The generic term used to refer to the way the disk structures its data into platters, tracks and sectors, is its geometry. In the early days this was a relatively simple concept: the disk had a certain number of heads, tracks per surface, and sectors per track. These were entered into the BIOS set up so the PC knew how to access the drive.
With newer drives the situation is more complicated. The simplistic limits placed in the older BIOS's have persisted to this day, but the disks themselves have moved on to more complicated ways of storing data, and much larger capacities. The result is that tricks must be employed to ensure compatibility between old BIOS standards and newer hard disks.
Note: These issues are related to IDE/ATA hard disks, not SCSI, which use a different addressing methodology.
The physical geometry of a hard disk is the actual physical number of head, cylinder, and sector used by the disk. On older disks this is the only type of geometry that is ever used. The original setup parameters in the system BIOS are designed to support the geometries of these older drives, in particular the fact that every track has the same number of sectors.
All newer drives that use zoned bit recording must hide the internal physical geometry from the rest of the system, because the BIOS can only handle one number for sectors per track. These drives use logical geometry figures, with the physical geometry hidden behind routines inside the drive controller.
Drive parameters obtained by its auto-detection in the system BIOS setup, additional software such as ATAID, or those printed in a hard disk's setup manual are the logical geometry parameters that the hard disk manufacturer has specified for the drive. Since newer drives use zoned bit recording and hence have ten or more values for sectors per track depending on which region of the disk is being examined, it is not possible to set up the disk in the BIOS using the physical geometry. Also, the BIOS has a limit of 63 sectors per track, and all newer hard disks average more than 100 sectors per track, so even without zoned bit recording, there would be a problem.
To get around this issue, the BIOS is given bogus parameters that give the approximate capacity of the disk, and the hard disk controller is given intelligence so that it can do automatic translation between the logical and physical geometry. Virtually all modern disks use a logical geometry with 16 heads and 63 sectors, since these are the largest values allowed by the BIOS. The actual physical geometry is totally different, but the BIOS (and the system) knows nothing about this. As far as the system is concerned, the disk has 16 heads and 63 sectors on every track, and the hard disk itself takes care of all the "dirty work". The physical geometry is totally hidden from view.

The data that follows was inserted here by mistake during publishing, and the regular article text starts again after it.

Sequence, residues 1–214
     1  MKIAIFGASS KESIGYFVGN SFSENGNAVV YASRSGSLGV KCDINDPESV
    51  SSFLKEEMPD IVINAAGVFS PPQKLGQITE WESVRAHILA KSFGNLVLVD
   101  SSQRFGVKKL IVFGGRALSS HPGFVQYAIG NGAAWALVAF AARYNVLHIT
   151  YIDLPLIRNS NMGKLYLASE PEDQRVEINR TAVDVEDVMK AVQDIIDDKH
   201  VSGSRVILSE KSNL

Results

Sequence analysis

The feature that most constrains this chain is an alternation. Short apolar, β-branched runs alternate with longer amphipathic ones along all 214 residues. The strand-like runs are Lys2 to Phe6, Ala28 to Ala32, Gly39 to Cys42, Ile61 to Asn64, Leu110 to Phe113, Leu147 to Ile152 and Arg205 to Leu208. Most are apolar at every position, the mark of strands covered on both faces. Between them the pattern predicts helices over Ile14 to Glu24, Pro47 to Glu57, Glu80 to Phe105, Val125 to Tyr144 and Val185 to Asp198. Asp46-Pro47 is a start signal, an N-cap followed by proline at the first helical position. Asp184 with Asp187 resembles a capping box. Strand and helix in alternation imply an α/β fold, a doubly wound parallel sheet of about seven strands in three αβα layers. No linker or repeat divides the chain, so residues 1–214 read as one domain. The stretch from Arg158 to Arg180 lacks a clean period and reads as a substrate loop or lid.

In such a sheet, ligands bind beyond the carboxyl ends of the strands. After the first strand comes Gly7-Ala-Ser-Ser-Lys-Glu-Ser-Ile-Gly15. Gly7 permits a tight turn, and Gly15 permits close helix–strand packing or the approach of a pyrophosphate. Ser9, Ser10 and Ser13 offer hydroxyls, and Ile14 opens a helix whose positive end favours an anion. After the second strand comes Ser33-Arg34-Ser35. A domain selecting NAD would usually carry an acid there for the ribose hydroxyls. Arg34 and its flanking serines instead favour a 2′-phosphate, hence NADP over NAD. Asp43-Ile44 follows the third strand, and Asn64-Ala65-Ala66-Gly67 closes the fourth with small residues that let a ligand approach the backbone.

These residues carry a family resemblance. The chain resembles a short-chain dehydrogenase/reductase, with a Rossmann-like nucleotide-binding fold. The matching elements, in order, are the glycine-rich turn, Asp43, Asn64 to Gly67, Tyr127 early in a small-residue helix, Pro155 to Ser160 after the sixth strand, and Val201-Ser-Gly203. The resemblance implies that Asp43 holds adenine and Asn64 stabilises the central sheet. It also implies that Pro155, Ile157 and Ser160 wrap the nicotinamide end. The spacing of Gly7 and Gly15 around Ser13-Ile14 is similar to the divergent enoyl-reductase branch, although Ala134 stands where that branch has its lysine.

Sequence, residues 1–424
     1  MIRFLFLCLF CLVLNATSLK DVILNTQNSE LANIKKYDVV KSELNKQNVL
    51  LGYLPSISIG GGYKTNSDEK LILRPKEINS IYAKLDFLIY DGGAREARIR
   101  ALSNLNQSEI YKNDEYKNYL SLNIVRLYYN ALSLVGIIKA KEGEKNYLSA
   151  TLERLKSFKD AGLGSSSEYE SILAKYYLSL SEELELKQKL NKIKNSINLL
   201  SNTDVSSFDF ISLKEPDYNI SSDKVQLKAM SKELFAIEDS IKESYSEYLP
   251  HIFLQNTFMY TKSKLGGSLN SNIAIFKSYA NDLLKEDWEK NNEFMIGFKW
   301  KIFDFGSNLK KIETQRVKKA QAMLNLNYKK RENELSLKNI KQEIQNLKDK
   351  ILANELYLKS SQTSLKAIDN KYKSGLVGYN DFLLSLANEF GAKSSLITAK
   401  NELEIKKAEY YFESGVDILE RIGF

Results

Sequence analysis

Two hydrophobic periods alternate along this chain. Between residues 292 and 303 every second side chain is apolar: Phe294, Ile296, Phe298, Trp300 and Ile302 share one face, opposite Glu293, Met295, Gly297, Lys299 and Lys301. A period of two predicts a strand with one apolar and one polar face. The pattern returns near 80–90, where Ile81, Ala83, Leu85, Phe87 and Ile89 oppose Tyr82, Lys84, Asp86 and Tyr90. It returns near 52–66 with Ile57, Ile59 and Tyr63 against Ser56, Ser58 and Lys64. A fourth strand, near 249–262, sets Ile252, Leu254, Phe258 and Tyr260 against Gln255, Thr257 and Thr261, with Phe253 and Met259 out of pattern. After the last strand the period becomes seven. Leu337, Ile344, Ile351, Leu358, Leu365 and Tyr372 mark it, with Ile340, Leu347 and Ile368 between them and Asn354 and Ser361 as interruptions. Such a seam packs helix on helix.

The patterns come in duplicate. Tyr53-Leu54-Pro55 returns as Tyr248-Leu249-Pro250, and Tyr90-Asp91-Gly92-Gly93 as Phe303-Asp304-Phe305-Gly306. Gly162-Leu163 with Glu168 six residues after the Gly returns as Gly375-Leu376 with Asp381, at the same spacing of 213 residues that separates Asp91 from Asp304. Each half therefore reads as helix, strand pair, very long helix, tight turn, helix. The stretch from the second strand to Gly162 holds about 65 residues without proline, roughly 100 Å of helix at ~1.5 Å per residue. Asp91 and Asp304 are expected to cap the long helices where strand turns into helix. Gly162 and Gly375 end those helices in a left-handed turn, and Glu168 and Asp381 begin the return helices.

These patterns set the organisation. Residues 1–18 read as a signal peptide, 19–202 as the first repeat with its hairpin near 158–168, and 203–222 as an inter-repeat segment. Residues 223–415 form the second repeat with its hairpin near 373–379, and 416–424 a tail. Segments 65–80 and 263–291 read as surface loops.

Here is an example showing the difference between the physical and logical geometry for a sample drive, a 3.8 GB Quantum Fireball TM (from [Quantum]):
The fact that both geometries equate to the same number of total sectors is not a coincidence. The purpose of the logical geometry is to enable access to the entire disk using terms that the BIOS can handle. The logical geometry could theoretically end up with a smaller number of sectors than the physical, but this would mean wasted space on the disk. It can never specify more sectors than physically exist, of course.
The translation between logical and physical geometry is the lowest level of translation that occurs when using a modern hard disk. It is different from BIOS geometry translation, which occurs at a higher level, to overcome hard disk capacity limitations (cf. [Kozierok]).